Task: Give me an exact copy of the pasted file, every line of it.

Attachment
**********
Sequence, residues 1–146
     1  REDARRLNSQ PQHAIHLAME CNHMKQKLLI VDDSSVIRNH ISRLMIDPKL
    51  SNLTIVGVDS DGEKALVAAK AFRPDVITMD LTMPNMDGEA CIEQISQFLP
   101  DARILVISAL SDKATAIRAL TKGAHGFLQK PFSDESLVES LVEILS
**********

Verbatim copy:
Sequence, residues 1–146
     1  REDARRLNSQ PQHAIHLAME CNHMKQKLLI VDDSSVIRNH ISRLMIDPKL
    51  SNLTIVGVDS DGEKALVAAK AFRPDVITMD LTMPNMDGEA CIEQISQFLP
   101  DARILVISAL SDKATAIRAL TKGAHGFLQK PFSDESLVES LVEILS